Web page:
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A Study on Cigarette Smoking and Bladder Cancer

Meyer Hawkins*

Department of Oncology, Children’s Cancer Therapy Development Institute, USA

*Corresponding Author:
Meyer Hawkins
Department of Oncology, Children’s Cancer Therapy Development Institute, USA E-mail: meyerhawkins@mcgill.org

Received: 01-Mar-2023, Manuscript No. RCT-23- 94012; Editor assigned: 06-Mar -2023, PreQC No. RCT-23- 94012 (PQ); Reviewed: 20-Mar-2023, QC No. RCT -23- 94012; Revised: 27-Mar-2023, Manuscript No. RCT -23- 94012 (R); Published: 05-Apr-2023, DOI: 10.4172/Rep cancer Treat.7.1.006.

Citation: Hawkins M. A Study on Cigarette Smoking and Bladder Cancer. 2023; 7: 006.

Copyright: © 2023 Hawkins M. This is an open-access article distributed under the terms of the Creative Commons Attribution License, which permits unrestricted use, distribution, and reproduction in any medium, provided the original author and source are credited.

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About the Study

Cigarette smoking causes cancer in at least 15 different parts of the body, including the bladder. Smoking causes roughly half of all bladder cancers in both men and women in the United States, making it the leading preventable risk factor, far ahead of workplace exposure to industrial chemicals. The higher the risk, the more you smoke. The risk of bladder cancer increases with smoking duration (the number of years you have smoked) and intensity (the number of cigarettes smoked per day), with duration having a greater effect. Overall, smokers are at least three times more likely to develop bladder cancer than non-smokers.

An analysis of data from multiple previously published studies (known as a meta-analysis) discovered that current smokers had a 3.5 times higher risk of bladder cancer than non-smokers, with former smokers having a 2 times higher risk. A second meta-analysis discovered a similar increase in bladder cancer risk for both male and female smokers, but a higher risk in European populations compared to Asian populations. Some genetic variants have also been linked to an increased risk of bladder cancer in smokers.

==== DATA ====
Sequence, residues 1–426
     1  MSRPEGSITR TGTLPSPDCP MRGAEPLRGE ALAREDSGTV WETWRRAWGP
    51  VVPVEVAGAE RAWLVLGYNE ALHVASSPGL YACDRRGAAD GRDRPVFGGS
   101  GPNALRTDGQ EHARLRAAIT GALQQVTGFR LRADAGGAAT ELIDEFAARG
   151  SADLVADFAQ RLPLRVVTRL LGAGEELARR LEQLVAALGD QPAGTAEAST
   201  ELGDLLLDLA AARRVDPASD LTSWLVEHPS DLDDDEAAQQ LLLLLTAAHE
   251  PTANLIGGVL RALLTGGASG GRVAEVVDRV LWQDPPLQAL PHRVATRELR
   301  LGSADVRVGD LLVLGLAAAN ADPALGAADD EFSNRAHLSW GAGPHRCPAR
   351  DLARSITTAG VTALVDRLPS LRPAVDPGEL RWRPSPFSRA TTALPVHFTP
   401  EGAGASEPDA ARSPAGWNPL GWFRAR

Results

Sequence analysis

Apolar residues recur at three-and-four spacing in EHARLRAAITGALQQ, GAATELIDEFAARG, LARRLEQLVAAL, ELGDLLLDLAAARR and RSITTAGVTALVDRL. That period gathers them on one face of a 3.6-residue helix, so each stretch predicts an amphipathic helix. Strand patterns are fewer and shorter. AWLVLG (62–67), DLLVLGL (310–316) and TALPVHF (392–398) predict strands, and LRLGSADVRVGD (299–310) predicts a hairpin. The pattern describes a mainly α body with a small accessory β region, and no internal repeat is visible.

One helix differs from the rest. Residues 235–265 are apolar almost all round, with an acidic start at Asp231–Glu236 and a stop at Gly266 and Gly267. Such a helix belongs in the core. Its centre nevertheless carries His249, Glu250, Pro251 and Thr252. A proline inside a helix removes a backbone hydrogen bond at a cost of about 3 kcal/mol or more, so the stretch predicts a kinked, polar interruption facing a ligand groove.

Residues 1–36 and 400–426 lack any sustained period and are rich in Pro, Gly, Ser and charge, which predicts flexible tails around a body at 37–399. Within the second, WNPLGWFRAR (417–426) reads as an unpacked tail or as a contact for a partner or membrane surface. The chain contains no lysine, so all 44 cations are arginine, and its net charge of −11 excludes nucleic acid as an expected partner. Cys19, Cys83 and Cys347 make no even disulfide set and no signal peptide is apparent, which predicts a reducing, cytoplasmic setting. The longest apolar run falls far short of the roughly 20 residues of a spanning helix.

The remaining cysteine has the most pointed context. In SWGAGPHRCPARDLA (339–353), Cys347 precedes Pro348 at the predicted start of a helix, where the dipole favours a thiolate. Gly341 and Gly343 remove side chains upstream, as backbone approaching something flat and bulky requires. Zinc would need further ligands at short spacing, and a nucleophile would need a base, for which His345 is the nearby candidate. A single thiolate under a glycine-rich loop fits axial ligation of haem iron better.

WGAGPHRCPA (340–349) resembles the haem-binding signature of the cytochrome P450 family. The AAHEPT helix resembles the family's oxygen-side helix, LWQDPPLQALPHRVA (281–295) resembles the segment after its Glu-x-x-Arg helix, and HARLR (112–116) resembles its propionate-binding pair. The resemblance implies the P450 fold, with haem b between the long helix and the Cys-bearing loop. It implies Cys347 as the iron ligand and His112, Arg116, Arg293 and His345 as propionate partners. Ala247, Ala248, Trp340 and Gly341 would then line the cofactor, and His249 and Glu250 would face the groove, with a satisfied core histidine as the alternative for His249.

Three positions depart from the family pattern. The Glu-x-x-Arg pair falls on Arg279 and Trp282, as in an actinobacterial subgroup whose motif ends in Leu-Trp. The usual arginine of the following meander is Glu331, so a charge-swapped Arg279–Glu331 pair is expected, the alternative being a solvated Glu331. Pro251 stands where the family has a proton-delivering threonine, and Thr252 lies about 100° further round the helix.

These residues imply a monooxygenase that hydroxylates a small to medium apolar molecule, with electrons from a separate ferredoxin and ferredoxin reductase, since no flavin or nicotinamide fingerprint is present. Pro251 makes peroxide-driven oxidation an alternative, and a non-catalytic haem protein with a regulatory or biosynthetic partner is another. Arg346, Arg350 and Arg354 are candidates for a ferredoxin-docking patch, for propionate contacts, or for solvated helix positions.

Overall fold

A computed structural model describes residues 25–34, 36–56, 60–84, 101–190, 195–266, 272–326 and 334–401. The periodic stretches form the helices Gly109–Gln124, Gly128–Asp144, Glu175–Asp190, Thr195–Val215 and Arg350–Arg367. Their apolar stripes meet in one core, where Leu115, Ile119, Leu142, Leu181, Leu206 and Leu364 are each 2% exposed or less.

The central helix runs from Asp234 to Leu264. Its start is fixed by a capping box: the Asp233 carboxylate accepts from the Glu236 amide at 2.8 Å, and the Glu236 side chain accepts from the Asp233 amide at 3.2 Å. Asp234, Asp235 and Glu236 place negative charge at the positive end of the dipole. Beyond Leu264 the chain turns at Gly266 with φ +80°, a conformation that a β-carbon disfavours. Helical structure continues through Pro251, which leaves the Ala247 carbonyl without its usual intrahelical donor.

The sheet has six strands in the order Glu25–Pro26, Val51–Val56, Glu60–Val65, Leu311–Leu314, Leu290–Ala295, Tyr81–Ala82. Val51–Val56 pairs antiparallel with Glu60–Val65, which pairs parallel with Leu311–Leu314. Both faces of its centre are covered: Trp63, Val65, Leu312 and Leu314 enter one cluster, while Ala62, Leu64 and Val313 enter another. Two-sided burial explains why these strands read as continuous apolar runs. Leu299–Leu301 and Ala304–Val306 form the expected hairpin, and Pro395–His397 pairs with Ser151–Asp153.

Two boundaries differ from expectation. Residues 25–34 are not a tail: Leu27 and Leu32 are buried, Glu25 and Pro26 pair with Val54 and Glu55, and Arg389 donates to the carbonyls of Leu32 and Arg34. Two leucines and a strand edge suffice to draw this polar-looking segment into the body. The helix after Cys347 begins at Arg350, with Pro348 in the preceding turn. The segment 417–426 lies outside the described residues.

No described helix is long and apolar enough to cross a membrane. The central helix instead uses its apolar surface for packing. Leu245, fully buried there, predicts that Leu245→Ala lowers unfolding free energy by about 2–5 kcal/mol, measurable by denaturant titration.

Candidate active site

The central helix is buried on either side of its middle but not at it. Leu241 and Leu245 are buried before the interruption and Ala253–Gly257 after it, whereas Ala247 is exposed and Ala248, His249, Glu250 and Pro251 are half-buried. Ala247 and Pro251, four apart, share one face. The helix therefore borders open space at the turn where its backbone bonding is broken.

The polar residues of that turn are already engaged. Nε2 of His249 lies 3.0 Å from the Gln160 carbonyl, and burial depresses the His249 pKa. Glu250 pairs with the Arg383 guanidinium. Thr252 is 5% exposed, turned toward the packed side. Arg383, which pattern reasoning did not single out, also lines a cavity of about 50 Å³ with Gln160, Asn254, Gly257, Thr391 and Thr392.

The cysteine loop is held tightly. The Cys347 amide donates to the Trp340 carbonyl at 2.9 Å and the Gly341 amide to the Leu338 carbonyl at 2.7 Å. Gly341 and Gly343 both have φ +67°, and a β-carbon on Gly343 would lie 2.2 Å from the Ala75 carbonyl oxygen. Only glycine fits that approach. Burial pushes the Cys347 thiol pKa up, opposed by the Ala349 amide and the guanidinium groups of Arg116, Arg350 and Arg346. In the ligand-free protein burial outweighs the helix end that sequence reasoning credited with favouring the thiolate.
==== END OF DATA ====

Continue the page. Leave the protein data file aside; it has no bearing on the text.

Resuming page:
Second Hand Smoke (SHS), also known as involuntary smoking, exposes children, pets, and nonsmokers to the same carcinogens that smokers inhale. There is no safe level, but home and workplace exposure are particularly concerning, with nonsmokers exposed to SHS in these settings having a 20-30% increased risk of lung cancer. While more research is needed to confirm potential links to other cancers, and bladder cancer results have been inconsistent, a meta-analysis of 14 studies found that second-hand smoke exposure was associated with a 22% increase in bladder cancer risk.

This is less than the risk increase depicted in the graph. Although the precise level of risk is unknown, it is reasonable to conclude that SHS significantly increases the risk of developing bladder cancer. Blood levels of cotinine, a chemical formed in the body after nicotine exposure, can be used to assess SHS exposure. In relation to this, encouraging findings from the National Health and Nutrition Examination Survey (NHANES) show that the percentage of nonsmokers exposed to SHS decreased from 88% in 1988 to 25% in 2014, but approximately two out of every five children were still exposed to SHS's harmful effects. Pets are also at risk! Smokers' dogs, cats, and birds are more likely to develop cancer.

Though a variety of factors may have influenced by the decision to begin and continue smoking, quitting is a personal choice; each must want to quit. Many people find that it takes several attempts before they succeed, as evidenced by the declining rates of smoking in the United States. Notably, quit rates improve with peer support and specialized medication, so it's worth experimenting with different approaches to see what works best for you. Nicotine replacement therapy (e.g., patches, gum, and lozenges) and two prescription medications, varenicline and bupropion, are FDA-approved smoking cessation medications.

It is important to note that the FDA has not approved e-cigarettes (vaping) for smoking cessation. Randomized trials show that vaping with nicotine-containing e-cigarettes increases quit rates when compared to nicotine replacement therapy. However, it is unknown whether people will continue to vape or successfully quit smoking.

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